Macbeth and Men of Respect

I chose for my rendition of Macbeth that of director William Reilly's 1991 film treatment, "Men of Respect."

Set in present day New York, the various warring kingdoms of the play become organized crime factions, King Duncan becoming the "padrino" or godfather of the main "family," Charlie Di'Mico (played by Rod Steiger.) His chief lieutenant, Mikey Bataglia (John Turturro) is, of course, the corollary to the treacherous Macbeth.

There is so much in this dark, chilling film that one page could hardly do it justice; I would say its most significant aspect is its total loyalty and devotion to the text of the play. The film follows the play scene for scene, at times line for line. Some lines are paraphrased, such as Bataglia's wife (i.e. Lady Macbeth) chiding her husband early on with lines such as "Show a little ambition," and "If I was the man, I'd know what to do." Other lines are brilliantly re-worked for a modern audience, such as Lady Macbeth's "I have given suck" speech (I.IV.54-58), which becomes "I know what it is to have a life inside me and squashing it out because it's too difficult right now..." Replacing the original with a reference to abortion not only provides an analogous line, it also serves to explain her originally unexplained familiarity with maternal feelings.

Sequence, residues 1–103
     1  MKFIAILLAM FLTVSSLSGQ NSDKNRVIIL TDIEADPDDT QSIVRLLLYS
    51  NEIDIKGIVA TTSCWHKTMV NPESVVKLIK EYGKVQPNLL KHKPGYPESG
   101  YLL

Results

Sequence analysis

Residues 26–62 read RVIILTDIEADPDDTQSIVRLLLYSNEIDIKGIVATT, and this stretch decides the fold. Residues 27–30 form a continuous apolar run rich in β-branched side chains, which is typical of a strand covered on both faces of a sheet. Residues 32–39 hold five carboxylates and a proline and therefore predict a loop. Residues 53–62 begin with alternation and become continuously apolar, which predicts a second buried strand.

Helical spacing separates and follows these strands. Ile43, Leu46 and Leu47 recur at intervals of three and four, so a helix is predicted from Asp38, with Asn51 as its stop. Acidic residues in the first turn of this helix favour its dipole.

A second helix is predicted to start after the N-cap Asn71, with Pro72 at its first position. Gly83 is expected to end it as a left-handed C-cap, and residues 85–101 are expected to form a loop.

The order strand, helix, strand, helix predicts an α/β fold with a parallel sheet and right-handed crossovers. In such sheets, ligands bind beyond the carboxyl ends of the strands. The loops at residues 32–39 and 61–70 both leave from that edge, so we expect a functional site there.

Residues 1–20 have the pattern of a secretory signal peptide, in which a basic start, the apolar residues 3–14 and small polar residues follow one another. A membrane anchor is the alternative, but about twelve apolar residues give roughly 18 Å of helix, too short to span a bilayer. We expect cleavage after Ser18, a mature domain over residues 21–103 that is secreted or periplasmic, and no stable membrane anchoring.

Not only lines, but props, weapons, every possible component of the play has been updated. Macbeth's letter to his wife in Act I Scene 5 is replaced by a phone call. The hallucinatory dagger which Macbeth sees before him (II.I.33) becomes a vision of blood dripping from the ceiling. Duncan's two chamberlains are revised as two thugs watching the back door of Bataglia's residence (Castle Forres), their coffee (wine) drugged by the attentive lady of the house. The unnerving, incessant knocking at the door of the castle becomes a continual pressing of a doorbell.

Almost all the murders of the play are committed with guns in the movie, save for the murder of Duncan, which is achieved with the use of knives (daggers). This, again, is a nod to the original text. Shortly thereafter, Bataglia emerges, declaring "I did it" ("I have done the deed-" II.II.14). The remainder of the film is a graphic realization of the madness and dissolution to follow. From this point forward, the tension mounts much like the Welles version: The aura of suspicion immediately engulfs the whole atmosphere of kingdom, i.e. organization, as Bataglia and his wife descend into madness. Di'Mico's sons (Malcolm and Donalbain) decide to flee to safer dwellings at the funeral of their father, one saying to the other "There's a gun behind every smile" ("There's daggers in men's smiles" II.VI.138). Later, just prior to the murder of Cuomo (Banquo) one of the murderers laughingly exclaims "He's a ghost!" Before long, the Macduff character ("Duffie," played by Peter Boyle) finds his wife and son murdered by Bataglia. It must be mentioned that all these events are predicted by a mysterious Italian soothsayer, the equivalent of the three witches.

The death of Macbeth is finally achieved by Duffie at the climax of an extended gun battle, wherein it is revealed that the latter was the caesarean progeny of an anonymous whore left abandoned at the door of a hospital. I highly recommend "Men of Respect."

©1996 Patrick Galloway

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